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Oxford Textbook of Rheumatology (4 ed.)

Claire Y. J. Wenham

and Philip G. Conaghan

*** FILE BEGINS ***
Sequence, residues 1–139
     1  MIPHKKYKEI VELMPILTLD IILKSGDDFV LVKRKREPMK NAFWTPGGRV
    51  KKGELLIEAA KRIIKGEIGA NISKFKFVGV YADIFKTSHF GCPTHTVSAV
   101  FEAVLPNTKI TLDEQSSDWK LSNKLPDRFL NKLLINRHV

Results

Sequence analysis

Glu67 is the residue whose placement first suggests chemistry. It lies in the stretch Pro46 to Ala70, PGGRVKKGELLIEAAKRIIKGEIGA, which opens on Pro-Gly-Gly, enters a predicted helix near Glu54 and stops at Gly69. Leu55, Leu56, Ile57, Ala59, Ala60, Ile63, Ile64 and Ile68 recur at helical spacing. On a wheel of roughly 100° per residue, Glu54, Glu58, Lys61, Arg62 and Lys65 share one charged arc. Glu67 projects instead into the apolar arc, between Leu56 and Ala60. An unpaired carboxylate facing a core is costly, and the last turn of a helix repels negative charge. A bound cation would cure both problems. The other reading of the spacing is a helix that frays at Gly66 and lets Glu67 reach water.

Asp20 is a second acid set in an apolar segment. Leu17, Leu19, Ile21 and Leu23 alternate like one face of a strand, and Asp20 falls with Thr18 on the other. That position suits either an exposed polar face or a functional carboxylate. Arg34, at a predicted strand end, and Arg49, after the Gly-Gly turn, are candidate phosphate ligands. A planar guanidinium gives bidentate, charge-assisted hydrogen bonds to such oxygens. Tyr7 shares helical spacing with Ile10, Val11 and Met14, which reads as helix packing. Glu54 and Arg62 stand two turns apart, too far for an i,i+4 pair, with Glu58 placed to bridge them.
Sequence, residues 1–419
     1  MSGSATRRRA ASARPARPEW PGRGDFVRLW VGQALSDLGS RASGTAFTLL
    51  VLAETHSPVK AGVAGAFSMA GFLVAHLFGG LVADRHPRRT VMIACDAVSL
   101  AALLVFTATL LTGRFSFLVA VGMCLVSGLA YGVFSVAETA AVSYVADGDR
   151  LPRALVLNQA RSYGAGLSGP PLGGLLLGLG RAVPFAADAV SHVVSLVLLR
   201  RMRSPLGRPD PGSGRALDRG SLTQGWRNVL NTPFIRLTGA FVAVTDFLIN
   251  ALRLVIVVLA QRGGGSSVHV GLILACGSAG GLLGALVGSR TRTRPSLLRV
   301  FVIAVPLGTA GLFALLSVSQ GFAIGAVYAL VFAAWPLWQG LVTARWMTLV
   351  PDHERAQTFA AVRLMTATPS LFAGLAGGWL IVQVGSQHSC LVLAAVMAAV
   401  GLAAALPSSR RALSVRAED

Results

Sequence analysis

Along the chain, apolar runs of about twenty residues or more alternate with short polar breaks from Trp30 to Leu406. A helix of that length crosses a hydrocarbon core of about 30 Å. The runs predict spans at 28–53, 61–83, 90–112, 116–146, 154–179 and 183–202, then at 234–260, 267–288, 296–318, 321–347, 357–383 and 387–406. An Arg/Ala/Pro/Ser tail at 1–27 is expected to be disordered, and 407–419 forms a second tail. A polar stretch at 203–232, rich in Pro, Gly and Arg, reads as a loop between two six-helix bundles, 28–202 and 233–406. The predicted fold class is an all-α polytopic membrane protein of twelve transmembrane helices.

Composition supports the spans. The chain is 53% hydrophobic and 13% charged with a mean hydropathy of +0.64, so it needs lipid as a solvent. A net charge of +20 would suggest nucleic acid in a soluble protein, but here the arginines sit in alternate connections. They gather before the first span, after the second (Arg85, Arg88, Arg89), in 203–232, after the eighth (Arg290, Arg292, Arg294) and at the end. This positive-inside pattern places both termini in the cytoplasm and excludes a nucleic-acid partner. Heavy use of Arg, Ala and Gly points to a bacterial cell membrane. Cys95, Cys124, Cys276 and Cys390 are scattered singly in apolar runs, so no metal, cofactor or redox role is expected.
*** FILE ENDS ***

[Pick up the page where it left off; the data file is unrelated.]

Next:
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Osteoarthritis (OA) is a common condition which often causes pain and functional limitation, significantly impacting on a person’s quality of life. A comprehensive assessment of the impact of OA should be performed before selecting therapies and treatment goals. Current recommended therapies include a combination of pharmacological and non-pharmacological therapies, which should be considered for all people with OA, regardless of anatomical site of involvement. Non-pharmacological treatments include education, muscle strengthening and aerobic exercises, weight loss if appropriate, splints and devices, and aids. Pharmacological therapies include paracetamol, oral and topical non-steroidal anti-inflammatory drugs, topical capsaicin, intra-articular corticosteroid injections, and opioids. Many existing therapies have only a small analgesic effect size and, in the case of drug therapies, may be associated with important side effects, so an individual’s symptoms and comorbidities must be taken into account when selecting therapies. For those who do not respond to these treatments, surgery such as a total joint arthroplasty may be required. There is a strong need for new analgesic treatments for OA. As it is becoming increasingly clear that the sources of pain in OA are complex and multifactorial, future treatments for OA will need to target both peripheral and central pain mechanisms.

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